Follow these basic steps when dealing with electrical equipment problems
Although it would be nice to be factory-trained on every piece of equipment (and have a troubleshooting decision-tree or flowchart, too!), reality hands us a different situation. You may be tasked with troubleshooting a piece of equipment or a system that you haven’t seen before.
Caution: Before proceeding, make sure you are qualified (per the OSHA definition) to service that category or class of equipment.
For example, you have standard training as an electrician, so you can troubleshoot a 120V receptacle problem. But your boss wants you to figure out why a 400A, 480V circuit breaker is malfunctioning and repair it. You may be qualified to determine the problem is in the breaker, but you aren’t qualified to actually work on that breaker.
The first step
The most fundamental step in troubleshooting is to check the power supply. For example, a motor won’t start. Is the disconnect open? If the disconnect is closed, you’d probably want to check the motor overload devices (typically “heater” strips). If they look OK, then you’d use your DMM to see if there’s power to them, and, of course, on the motor side of each one.
If there’s no power, employ the “divide and conquer” strategy to find the power problem. In this situation, for example, you’d go to that disconnect and see if there’s power to it. If so, do a visual inspection before closing it so you know (with very high probability) there will be power coming from the disconnect.
If there’s power at the disconnect, then you’ve saved yourself a wasted trip to the breaker that’s in a panel halfway across the plant. The problem is between the disconnect and the overload device.
If there’s no power at the disconnect, then you’d go to the branch circuit breaker and check it. If the breaker is supplying power, the problem is between there and the disconnect.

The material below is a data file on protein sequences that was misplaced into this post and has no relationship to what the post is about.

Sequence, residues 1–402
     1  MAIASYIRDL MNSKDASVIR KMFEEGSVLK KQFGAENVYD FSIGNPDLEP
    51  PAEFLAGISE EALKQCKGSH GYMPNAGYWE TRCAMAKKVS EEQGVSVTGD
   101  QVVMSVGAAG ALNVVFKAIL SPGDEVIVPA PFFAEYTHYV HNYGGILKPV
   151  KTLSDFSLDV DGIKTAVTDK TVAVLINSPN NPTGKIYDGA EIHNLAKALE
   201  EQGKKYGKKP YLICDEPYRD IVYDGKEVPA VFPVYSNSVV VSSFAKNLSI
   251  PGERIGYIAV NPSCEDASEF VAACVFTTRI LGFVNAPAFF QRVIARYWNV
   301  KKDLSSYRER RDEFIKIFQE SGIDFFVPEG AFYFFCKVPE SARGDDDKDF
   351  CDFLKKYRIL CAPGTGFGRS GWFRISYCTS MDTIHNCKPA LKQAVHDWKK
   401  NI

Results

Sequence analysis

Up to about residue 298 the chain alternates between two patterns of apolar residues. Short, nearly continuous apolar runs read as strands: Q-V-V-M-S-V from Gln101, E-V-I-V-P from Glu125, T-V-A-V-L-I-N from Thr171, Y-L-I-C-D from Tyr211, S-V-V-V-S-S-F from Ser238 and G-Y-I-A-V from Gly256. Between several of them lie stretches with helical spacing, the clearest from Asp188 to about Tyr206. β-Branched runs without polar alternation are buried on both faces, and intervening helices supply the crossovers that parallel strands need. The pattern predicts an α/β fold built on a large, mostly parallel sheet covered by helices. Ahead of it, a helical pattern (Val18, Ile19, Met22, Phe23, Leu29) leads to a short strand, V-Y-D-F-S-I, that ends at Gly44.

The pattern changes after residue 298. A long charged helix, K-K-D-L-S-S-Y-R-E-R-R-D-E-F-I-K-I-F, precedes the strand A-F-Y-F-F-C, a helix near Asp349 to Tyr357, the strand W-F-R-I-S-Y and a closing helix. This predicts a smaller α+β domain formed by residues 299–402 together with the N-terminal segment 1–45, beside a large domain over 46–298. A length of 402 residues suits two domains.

When using the “divide and conquer” method, try to envision the entire circuit and where the functional halfway point is. By picking the functional halfway point, you eliminate checking many things that are going to check out as OK.
Check the switches
After you are sure there’s power, you need to know something about the equipment to proceed further. Usually, you want to check the most likely cause of failure.
Let’s say it’s a hydraulic press. These always have a light curtain, deadman switch, or other protective device. That’s a likely point of failure if the thing won’t start. Similarly, a conveyor system always has at least one emergency stop (E-stop) switch unless the management is safety-averse.
Similar to the safety device is the “permissive” device. It gives the system permission to start. This can be a limit switch (e.g., drain valve closed), temperature switch, pressure switch or other device whose contacts must be in the OK position (usually, that’s closed) for the system to start. You may need the system drawings to find it.
Out of control?
Let’s say the system is running, but not properly; the output is wrong. If the system is under PLC or DCS control, it is going to have an input side, a controller, and an output side. The problem is almost always on the output side, typically at the final control element. That’s because this device undergoes the most stress; a valve must move and interact with the process, but the temperature sensor that sits on the vessel does not.
Almost never will the problem be in the programming (PLC logic or DCS program), once the system is commissioned. Think about it; PLC logic, unlike a valve, isn’t going to wear out. There’s no motor that can burn up in a logic diagram, but the one moving the control valve certainly could burn up.
So let’s wrap up this lesson with a recap:
- Check the power.
- Use the “divide and conquer” method to reduce hunting time when looking for where a problem is.
- Test safety devices and permissive devices.
- In a process control system that isn’t behaving correctly, the problem is almost certainly to be with the final control element, so check that first.